View of the Sheep Draw Fire from our house. Day 2.

On the afternoon of March 28, we got a call saying there may be a fire over in the short pines.  So Riley made some phone calls and couldn’t seem to reach anyone who knew anything about it.  Had it been September, rumor of even a hint of smoke would have sent everyone flying in the direction they thought it may be coming from.  But this was March… usually our main concern is when to expect the next spring blizzard.  Anyway, Riley went over to investigate and a few hours later emergency calls were being sent out asking anyone and everyone who was able to come fight fire in the short pines, just south of Terry and Laurie’s place.

With 70 mph winds blowing all through the night, volunteer firefighters somehow managed to keep the fire from crossing the Harding Road.  Riley said they didn’t know how they stopped it but the good news was they did, otherwise no one knows for sure what the fire could have escalated to.  Eventually the fire was upgraded to a Level 2 emergency and crews and heavy equipment were sent in to help, including two National Guard helicopters that scooped water out of nearby dams to dump on the fire, a slurry plane, and many hand crews.  The job of the hand crews was to hike up into the hills where equipment couldn’t drive and manually dig fire lines.

By the end of Day 2, the fire had burned 8000 acres and was only 20% contained.  Riley, and I’m sure most of the other volunteers, hadn’t been home since it started and there really was no way of getting in touch with them other than driving out to find them, as there was no cell phone service where the fire was.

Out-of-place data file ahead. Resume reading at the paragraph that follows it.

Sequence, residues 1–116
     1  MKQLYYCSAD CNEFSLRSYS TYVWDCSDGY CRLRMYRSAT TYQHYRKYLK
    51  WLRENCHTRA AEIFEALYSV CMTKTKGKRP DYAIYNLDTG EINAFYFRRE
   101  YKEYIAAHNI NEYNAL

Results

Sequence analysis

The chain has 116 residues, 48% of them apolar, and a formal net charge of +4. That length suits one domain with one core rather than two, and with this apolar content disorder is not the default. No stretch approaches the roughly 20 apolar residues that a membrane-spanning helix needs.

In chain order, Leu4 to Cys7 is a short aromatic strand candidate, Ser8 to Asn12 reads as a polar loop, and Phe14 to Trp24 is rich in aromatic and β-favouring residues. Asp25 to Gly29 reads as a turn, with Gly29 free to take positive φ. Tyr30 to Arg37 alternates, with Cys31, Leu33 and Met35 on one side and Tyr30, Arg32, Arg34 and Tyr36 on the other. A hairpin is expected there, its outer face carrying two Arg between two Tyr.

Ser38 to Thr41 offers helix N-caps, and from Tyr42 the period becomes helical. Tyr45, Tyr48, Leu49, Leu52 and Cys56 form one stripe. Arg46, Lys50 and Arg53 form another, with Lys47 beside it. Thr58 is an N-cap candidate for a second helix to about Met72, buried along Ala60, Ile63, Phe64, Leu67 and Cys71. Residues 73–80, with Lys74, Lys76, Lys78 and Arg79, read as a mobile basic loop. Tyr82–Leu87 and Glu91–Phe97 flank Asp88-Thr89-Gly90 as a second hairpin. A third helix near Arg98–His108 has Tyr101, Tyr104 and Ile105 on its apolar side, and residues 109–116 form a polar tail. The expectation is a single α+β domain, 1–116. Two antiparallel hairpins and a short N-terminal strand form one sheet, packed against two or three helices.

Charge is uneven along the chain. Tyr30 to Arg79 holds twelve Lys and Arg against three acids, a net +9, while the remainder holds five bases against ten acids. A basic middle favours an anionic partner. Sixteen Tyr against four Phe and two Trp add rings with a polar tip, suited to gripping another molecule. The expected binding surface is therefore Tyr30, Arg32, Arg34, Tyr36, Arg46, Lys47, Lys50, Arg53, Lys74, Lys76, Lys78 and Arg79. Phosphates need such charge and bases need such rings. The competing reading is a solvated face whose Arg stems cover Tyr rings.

Even though the wind had been blowing strong out of the north-northwest throughout most of the duration of the fire, it still managed to creep north due to a lot of old grass up in the hills and short pines that hadn’t been grazed in years.  By day 3 it was scarily close to Terry and Laurie’s place and still drifting north.  Friends and family came rushing in to help move cattle north and build fire lines.  You wouldn’t have thought there was any way the cattle could have known that a fire was coming there way, but they were waiting at the gate to be moved and when the gate was opened they ran north.  Once they got to where they were going and got settled in, they laid down and slept… like they had been stressed and now they knew they were safe.  Just another sign that animals probably know a lot more than we give them credit for.

The Sheep Draw Fire ended up burning to within 200 feet of the Goehring-Routier Ranch.  (So they say- to me the burned area looks a lot closer than 200 feet away!) At 6:00 pm on April 3, 6 days after it started, they announced that it was 100% contained and in mop up, patrol and rehab status.  Which was great news since a new fire erupted on April 1 over in the Slim Buttes just east of Buffalo.  The Moonshine Fire was also fought for several days by volunteers as well as state units who put in great efforts to keep damage to a minimum, but it still burned thousands of acres.  Thankfully, between the two fires, the only structure loss was a shed next to a gas well in the Sheep Draw Fire, and no one was injured.

On the positive side, we got a little moisture this week and things are starting to look green so that should reduce the risk of more fires for awhile.  It was an exciting end of March/beginning of April, but not the kind of excitement that you really look forward to!